IMMIGRATION LAW: Special Immigrant Juvenile, Removal; JUVENILE LAW: Immigration; FAMILY LAW: Deprivation
Alert: The juvenile court properly found that the child was deprived, but failed to state a basis for declining to make the required "special immigrant juvenile" findings or state that it had considered the findings and rejected them.
Subject Matter Index: In juvenile immigration case of first impression, finding of deprivation, affirmed, but case remanded to juvenile court with instruction to consider request for "special immigrant juvenile" (SIJ) findings in light of facts and relevant law and to make relevant findings; juvenile court found child was deprived but failed to make requested findings relevant to child's immigration status; Court found that juvenile court neither stated basis for declining to make required SIJ findings nor did it state that it had considered SIJ findings and rejected them; in this unusual setting, where state juvenile court was charged with addressing issue relevant only to federal immigration law, Court stated that it could not affirm without some positive indication that juvenile court actually addressed SIJ issue.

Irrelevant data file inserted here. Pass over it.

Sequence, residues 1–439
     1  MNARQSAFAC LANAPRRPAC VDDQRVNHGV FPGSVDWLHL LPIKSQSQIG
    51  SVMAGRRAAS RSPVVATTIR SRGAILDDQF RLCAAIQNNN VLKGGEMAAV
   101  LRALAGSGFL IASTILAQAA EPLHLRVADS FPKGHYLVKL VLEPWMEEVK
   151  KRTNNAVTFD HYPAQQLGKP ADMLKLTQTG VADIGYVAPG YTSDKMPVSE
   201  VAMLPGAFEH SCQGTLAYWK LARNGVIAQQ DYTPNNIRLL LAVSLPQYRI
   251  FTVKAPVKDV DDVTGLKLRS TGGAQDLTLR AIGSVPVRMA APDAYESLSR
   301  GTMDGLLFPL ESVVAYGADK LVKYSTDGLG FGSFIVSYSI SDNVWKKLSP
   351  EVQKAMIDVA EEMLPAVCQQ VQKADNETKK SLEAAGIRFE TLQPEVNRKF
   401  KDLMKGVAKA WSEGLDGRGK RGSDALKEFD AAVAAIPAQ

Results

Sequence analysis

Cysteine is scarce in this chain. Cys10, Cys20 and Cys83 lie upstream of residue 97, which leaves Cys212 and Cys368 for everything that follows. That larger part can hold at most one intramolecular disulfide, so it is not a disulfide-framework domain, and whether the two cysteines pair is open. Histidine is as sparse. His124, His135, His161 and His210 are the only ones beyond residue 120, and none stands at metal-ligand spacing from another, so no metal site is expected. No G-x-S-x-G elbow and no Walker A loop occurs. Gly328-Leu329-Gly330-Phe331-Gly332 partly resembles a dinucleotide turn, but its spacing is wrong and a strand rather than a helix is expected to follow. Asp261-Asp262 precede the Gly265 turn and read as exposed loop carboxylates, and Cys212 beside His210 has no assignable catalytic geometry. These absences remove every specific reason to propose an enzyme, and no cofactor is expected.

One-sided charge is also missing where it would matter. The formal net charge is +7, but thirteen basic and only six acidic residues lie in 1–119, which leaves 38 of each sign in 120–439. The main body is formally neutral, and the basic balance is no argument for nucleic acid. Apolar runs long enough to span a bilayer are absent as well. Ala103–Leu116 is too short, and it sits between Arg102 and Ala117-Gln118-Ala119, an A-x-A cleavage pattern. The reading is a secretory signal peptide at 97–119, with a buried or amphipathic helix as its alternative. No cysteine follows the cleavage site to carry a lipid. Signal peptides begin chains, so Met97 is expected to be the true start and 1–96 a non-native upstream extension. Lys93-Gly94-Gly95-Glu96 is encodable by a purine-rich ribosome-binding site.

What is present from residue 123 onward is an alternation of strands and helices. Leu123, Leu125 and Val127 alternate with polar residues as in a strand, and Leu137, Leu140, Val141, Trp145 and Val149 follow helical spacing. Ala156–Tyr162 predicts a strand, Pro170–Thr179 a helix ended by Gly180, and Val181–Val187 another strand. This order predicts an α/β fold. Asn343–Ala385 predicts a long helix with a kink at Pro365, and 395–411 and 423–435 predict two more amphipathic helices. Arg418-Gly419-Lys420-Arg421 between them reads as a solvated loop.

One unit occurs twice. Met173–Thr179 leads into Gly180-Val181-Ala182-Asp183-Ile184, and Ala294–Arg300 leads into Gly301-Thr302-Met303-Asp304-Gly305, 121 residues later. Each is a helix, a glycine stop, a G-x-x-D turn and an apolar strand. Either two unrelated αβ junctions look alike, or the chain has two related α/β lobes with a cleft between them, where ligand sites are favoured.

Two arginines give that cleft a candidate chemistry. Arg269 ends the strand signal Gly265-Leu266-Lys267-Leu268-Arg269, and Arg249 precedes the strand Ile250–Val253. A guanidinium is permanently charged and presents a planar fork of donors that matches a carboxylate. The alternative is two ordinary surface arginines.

Headnote: In this juvenile immigration case of first impression, the Court of Appeals affirmed the finding of deprivation but remanded the case to the juvenile court with instruction to consider the request for "special immigrant juvenile" (SIJ) findings in light of the facts and relevant law and to make relevant findings, explaining that the juvenile court found the child was deprived but failed to make requested findings relevant to the child's immigration status. A juvenile court is charged with making the factual inquiry relevant to SIJ status when an unmarried, resident alien child is found to be dependent on the court, Perez-Olano v. Gonzalez, 248 FRD 248, 265 (III) (A) (1) (a) (CD Ca. 2008), but here, the Court found that the juvenile court neither stated a basis for declining to make the SIJ findings nor did it state that it had considered the SIJ findings and rejected them; and in this unusual setting, where a state juvenile court is charged with addressing an issue relevant only to federal immigration law, the Court stated that it could not affirm without some positive indication that the court actually addressed the SIJ issue.